When I was an undergraduate, I encountered Christians who would quote parts of
the Bible (by which I mean what they call the Old Testament) that I was
unfamiliar with. I was appalled that non-Jews should know the Jewish holy book
better than a reasonably well-educated Jew like myself did.
It took me quite a while to realise that actually each religion
concentrated only on certain areas of the Bible: there would be parts of it
that Christians would be familiar with but not Jews, but also the other
way around. Jews concentrate on the Pentateuch (the first five books) much
more than the rest; I suspect the average Christian would be impressed by just
how well Jews know its contents.
The flip side of that coin, though, is that there were parts of the Bible that I scarcely knew at all. The
book of Job, for instance, I only knew the title of (and even then, I had no
idea how to pronounce it in English); reading it as a nineteen-year-old was a
bit of an eye-opener. And indeed, both when I first read my way through the whole
book* at that age, and when I did so for the second
time† (ongoing), there
were large sections
of historical material of which my knowledge was really rather poor.
"First time I had read the Bible // It had struck me as unwitty // I think it
may started [sic] rumour // That the Lord
ain't got no humour."
"Second time I read the Bible // I was thinking it's all right, man."
For years, I've wondered if I could quantify this somehow: just how much of the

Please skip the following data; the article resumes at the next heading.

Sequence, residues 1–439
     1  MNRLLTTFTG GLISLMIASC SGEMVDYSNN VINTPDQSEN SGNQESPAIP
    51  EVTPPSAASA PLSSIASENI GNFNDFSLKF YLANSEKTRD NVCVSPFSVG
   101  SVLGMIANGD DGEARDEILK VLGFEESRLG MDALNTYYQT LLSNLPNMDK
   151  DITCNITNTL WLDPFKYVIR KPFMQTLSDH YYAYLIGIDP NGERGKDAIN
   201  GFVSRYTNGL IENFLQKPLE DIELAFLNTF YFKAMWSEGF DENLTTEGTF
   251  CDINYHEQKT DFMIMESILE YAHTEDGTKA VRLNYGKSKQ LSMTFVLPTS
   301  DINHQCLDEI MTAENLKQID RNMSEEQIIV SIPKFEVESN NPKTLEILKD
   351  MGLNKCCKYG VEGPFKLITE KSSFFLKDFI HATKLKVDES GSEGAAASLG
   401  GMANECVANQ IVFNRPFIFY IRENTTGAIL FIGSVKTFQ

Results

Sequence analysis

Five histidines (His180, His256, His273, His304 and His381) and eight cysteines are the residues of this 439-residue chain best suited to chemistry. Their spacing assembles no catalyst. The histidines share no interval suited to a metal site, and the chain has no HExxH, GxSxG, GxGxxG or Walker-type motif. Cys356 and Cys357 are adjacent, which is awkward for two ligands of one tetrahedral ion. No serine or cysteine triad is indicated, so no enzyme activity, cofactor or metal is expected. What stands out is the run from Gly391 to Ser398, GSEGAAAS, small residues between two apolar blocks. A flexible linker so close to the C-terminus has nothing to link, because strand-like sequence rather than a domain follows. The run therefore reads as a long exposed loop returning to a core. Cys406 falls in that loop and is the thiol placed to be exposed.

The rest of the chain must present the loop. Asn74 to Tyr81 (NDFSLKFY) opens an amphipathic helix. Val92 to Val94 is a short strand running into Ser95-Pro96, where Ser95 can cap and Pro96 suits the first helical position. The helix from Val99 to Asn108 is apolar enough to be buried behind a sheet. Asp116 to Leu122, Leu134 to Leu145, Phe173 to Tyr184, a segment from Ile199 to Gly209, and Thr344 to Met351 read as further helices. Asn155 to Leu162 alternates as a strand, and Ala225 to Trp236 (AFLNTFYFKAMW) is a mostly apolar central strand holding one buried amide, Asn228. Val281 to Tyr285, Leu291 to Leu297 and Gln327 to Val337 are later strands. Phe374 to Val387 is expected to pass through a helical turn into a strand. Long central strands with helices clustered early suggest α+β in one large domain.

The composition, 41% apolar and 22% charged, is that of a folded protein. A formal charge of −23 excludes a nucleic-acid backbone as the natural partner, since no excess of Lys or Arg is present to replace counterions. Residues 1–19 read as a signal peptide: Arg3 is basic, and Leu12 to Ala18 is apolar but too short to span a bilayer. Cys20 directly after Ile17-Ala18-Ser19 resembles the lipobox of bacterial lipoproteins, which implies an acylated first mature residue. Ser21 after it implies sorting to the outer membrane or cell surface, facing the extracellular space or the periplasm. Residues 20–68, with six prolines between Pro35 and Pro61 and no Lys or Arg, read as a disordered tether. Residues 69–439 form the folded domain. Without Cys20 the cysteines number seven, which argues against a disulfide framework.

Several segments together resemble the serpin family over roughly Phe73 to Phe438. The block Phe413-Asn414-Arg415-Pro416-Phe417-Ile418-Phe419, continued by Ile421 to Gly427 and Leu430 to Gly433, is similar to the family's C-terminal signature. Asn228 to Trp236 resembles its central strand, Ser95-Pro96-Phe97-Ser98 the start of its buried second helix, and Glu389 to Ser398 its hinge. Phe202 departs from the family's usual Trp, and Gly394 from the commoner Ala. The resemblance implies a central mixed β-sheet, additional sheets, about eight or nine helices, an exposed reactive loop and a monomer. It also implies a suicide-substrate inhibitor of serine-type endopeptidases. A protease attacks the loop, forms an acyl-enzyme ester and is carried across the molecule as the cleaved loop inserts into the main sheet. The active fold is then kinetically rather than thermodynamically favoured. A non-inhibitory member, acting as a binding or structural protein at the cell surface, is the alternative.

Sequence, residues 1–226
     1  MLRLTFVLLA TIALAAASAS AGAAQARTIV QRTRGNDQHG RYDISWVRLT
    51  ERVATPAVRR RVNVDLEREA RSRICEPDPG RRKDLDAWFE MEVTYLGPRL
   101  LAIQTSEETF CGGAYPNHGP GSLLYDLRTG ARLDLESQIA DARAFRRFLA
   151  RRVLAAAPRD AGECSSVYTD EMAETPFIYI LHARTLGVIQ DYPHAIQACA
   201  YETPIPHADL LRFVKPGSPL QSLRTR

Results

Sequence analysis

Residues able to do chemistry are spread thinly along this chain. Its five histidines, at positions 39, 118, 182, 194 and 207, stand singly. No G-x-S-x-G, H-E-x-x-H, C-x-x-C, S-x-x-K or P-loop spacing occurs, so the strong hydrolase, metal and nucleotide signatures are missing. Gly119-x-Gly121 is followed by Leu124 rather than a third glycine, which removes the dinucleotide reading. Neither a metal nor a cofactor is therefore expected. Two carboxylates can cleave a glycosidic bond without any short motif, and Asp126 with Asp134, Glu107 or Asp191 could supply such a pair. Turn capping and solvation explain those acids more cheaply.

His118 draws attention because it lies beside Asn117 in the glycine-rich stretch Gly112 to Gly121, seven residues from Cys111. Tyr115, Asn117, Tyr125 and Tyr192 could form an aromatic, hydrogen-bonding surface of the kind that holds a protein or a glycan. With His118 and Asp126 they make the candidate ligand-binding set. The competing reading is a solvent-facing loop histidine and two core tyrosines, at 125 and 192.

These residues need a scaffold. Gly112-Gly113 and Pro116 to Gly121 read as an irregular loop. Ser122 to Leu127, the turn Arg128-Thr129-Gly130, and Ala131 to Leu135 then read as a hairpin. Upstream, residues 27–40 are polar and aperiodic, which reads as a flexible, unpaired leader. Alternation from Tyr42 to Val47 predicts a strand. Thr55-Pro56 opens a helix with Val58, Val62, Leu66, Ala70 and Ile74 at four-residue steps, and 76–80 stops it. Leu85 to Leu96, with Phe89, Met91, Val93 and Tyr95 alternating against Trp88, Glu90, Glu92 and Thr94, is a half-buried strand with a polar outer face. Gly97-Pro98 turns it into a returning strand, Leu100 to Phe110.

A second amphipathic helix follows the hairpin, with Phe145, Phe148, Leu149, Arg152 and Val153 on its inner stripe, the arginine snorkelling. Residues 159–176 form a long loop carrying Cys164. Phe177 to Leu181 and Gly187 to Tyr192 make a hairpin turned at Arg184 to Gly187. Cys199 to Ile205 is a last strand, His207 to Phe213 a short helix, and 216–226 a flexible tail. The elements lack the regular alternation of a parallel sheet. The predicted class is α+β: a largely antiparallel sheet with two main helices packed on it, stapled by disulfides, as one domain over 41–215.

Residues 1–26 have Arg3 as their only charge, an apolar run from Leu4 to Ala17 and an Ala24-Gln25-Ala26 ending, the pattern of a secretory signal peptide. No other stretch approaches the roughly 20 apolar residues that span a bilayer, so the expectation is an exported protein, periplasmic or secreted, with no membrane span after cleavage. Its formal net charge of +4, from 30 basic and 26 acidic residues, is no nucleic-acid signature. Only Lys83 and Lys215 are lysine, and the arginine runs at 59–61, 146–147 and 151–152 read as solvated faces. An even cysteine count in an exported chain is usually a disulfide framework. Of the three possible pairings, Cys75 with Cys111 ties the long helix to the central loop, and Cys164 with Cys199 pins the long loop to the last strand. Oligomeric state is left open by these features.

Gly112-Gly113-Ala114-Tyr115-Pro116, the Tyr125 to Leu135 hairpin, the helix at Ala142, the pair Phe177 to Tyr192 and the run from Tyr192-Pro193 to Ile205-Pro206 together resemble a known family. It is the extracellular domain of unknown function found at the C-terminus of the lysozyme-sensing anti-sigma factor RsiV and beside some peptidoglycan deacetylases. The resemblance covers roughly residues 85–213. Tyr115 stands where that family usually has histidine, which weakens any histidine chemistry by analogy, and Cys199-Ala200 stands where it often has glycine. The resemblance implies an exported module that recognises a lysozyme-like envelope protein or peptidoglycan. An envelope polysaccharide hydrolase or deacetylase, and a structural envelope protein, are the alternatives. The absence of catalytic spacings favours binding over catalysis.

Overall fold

Bible do we know as Jews? It felt like aside from the Torah, portions
of the Prophets read as hafṭārāh, the Five Megillos (Song of Songs, Ruth,
Lamentations, Ecclesiastes and Esther), and a bunch of Psalms and the odd other
passage (e.g. the last half-chapter of Proverbs) included in the liturgy, we
neglect the rest.
Having got to the end of my Samaritan Torah blogging, I decided I was finally
going to find out. This was going to be my next big blogging project; but
unlike blogging the Samaritan Torah or Josephus, all the work here would be
up-front: it would only end up in a single blog post at the end of it.
And here's the result (or a photo-reduced screenshot of part of it, to whet your appetite):
View complete chart as a separate web-page (opens in new tab). You
may find it useful to read with
a copy of the Bible
in a parallel tab.
I will admit I found the result surprising: It turns out I'm familiar with
a much better distributed subset of the Bible than I thought I was, though in
many cases I would be familiar with verses, or allusions to part of a verse, or
even whole psalms, without being able to name chapter and verse.
This is largely because the liturgy draws from a much wider range of Biblical
sources than your average Jew today is familiar with. It's also
necessary to take into consideration that I am much more knowledgeable now than I
was as a nineteen-year-old. Nevertheless, my knowledge remains sufficiently
patchy that the result is rather subjective: I almost never
example, Tachanun or the third benediction after the Shema in the evening, so
I'm much less likely to recognise verses quoted in those. (Similarly, I have
left out verses referenced in parts of the liturgy that I never come across
in the yearly cycle at all, such as pidyon haben or funeral prayers.)
Nonetheless, I have tried to keep this as general as possible, and have
refrained from marking as high recognition (or indeed at all) Biblical verses
which I have referenced in the talks I've given at Limmud (e.g. Amos 8:2), or
which go into my Jewish learning icon on my blog (e.g. Proverbs 3:13).